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Tuesday, March 11, 2014

Tonight in Music: The We Shared Milk, Nervosas, Yip Deceiver & More

Posted by Ned Lannamann on Tue, Mar 11, 2014 at 11:49 AM


THE WE SHARED MILK, PHANTOM SHIPS
(Bunk Bar, 1028 SE Water) "Lame Sunset," from Portland noise-pop trio the We Shared Milk's album of the same name, recalls the glory days of '90s alternative, as well as some of the best guitar rock of the past three decades. In other words, this is good stuff. I have to admit their name kept me at a distance for some time, but I was immediately sold after seeing footage of the band's Banana Stand performance. Vocalist/guitarist Boone Howard plays it loosey-goosey, but has an ear for intricate and melodious guitar lines. These guys can do it tight and punchy, or let fly a woozy and noisy space-jam. The We Shared Milk's fuck-all 'tude puts the perfect touch on some damn fine rock tunes. Tonight they celebrate the proper re-release of 2013's Lame Sunset, which initially came out perhaps too quickly on the heels of their ambitious 2012 album History of Voyager and Legend Tripping to earn the attention it deserved. MARK LORE


NERVOSAS, DEFECT DEFECT, OLD CITY, RECESSIONS
(The Know, 2026 NE Alberta) The aptly named Columbus, Ohio, punk band Nervosas first emerged from that city's active and diverse DIY scene back in 2011. Over the course of three full-length releases in as many years, the trio established a following by playing the kind of music guaranteed to make the ears of any Wipers fan perk up instantly. The anxious vocal delivery and frantic intensity in a song like "Uncanny," off of the band's fantastic second album, Descension, feels more like a legitimately forgotten relic from the late-'70s post-punk era than a simple homage or rehash of the sound they're channeling. Both Descension and the band's recently released self-titled album are the work of a group whose members are just as in tune with each other as they are with their influences—a characteristic that should make the chemistry of their live performance well worth witnessing. CHIPP TERWILLIGER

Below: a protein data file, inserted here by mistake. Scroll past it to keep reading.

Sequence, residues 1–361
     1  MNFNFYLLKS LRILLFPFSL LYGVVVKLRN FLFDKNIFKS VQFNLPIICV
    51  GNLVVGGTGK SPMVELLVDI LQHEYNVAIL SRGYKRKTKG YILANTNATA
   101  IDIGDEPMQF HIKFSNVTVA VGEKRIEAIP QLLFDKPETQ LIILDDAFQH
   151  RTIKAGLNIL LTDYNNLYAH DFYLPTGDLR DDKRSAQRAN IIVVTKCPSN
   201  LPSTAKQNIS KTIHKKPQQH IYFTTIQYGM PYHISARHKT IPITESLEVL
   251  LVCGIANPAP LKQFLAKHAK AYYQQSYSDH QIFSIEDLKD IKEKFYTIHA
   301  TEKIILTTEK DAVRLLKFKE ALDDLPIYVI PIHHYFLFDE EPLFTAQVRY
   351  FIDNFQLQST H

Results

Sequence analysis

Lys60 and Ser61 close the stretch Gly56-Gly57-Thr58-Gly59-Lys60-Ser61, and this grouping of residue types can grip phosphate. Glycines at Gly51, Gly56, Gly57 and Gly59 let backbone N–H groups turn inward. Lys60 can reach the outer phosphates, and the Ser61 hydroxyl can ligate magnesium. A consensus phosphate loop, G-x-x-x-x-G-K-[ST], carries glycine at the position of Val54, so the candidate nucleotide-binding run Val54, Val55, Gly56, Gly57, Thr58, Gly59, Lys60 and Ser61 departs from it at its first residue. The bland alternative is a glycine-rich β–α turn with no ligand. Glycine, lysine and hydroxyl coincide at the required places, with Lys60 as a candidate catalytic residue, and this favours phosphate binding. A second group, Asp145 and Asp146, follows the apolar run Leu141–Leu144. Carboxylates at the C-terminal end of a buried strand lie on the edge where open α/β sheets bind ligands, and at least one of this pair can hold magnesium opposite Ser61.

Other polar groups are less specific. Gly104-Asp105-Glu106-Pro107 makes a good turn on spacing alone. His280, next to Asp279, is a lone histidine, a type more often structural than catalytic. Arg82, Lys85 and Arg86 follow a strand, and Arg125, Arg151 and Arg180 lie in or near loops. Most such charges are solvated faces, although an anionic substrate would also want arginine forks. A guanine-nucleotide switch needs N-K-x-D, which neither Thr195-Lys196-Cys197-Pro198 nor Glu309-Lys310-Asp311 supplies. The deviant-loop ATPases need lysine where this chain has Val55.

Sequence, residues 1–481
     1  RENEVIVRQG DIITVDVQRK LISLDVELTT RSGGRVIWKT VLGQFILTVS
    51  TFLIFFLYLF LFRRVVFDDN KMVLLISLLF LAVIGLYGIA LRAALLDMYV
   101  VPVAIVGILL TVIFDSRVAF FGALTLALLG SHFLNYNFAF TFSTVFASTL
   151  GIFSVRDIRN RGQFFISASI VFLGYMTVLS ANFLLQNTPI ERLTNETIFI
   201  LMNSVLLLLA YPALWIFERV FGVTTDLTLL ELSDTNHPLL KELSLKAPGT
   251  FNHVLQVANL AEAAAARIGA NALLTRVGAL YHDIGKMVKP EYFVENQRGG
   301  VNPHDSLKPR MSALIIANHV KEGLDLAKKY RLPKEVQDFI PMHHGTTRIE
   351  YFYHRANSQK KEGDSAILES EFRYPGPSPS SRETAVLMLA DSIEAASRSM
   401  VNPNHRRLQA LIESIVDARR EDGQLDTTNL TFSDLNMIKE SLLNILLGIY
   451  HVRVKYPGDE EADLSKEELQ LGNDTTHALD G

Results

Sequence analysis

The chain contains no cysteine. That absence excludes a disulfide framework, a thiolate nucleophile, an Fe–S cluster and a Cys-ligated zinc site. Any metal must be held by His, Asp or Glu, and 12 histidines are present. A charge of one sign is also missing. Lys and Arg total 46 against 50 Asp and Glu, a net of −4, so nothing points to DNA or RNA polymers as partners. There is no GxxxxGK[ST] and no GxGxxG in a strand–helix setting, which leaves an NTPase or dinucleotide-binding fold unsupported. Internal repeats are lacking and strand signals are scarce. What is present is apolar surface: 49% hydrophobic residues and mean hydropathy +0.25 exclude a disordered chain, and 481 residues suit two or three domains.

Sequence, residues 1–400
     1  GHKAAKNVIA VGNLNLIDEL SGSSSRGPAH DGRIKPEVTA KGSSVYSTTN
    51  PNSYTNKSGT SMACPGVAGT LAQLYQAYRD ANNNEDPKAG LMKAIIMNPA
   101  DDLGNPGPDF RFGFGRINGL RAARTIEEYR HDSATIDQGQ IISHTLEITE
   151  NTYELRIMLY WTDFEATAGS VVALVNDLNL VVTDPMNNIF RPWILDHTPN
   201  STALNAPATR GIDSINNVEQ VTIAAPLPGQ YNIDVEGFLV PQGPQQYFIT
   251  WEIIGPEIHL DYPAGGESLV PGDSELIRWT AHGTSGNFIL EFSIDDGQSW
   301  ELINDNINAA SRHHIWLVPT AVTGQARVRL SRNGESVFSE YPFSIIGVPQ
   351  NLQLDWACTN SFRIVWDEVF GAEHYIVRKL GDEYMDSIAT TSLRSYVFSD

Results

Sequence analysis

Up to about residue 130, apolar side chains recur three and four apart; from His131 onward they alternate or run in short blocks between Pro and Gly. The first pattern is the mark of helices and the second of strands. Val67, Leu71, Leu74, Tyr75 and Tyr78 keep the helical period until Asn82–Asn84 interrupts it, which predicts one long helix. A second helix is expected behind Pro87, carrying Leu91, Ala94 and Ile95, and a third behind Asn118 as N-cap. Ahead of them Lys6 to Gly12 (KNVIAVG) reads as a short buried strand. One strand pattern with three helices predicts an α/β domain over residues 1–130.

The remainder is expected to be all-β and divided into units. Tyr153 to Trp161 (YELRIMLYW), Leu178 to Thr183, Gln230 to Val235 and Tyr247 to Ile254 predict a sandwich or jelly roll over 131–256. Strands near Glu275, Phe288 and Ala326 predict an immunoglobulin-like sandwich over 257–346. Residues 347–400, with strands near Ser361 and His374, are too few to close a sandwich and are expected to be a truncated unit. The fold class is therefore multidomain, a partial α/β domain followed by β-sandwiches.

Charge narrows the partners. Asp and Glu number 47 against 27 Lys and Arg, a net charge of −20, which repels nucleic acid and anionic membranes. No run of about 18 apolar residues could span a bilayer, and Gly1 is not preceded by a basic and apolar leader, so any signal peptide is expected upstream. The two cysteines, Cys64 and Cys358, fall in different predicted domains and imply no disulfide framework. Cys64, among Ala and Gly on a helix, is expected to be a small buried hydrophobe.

ELECTRIC SIX, YIP DECEIVER
(Dante's, 350 W Burnside) Davey Pierce and Nicolas Dobbratz's neo-soul R&B baby Yip Deceiver has transcended whatever moonlighting status it may have originally bore. Pierce and Dobbratz met as members of the ever-morphing art-house project Of Montreal, and there are elements of Kevin Barnes' more ambitious nouveau-funk underpinnings throughout Yip Deceiver's debut LP, Medallius. The band's contrasts of dark and light are perhaps most immediately prevalent in the video for the single "Lovers," wherein a trio of psychotic doctors conduct a sci-fi rampage, eating human organs while traipsing through a haunted hospital of elderly patients as Pierce groovily laments the shackles of love. Eerily good stuff. RYAN J. PRADO


BÉLA BARTÓK'S STRING QUARTET: QUATUOR ÉBÈNE
(PSU Lincoln Performance Hall, 1620 SW Park) Coming on the heels of the PDX Jazz Festival, March Music Moderne provides a wonderful modernist counterpoint to its more august cousin. The schedule for the fourth annual festival, organized by local musician and composer Bob Priest, looks to be a stunning one, including this rare Portland appearance by Quatuor Ébène. The French string quartet will perform a daring and somewhat brooding 1929 work from Bartók that was inspired by the folk music of the composer's native Hungary, and whose punchy stabs of melody influenced Bernard Herrmann's score for Alfred Hitchcock's Psycho. ROBERT HAM

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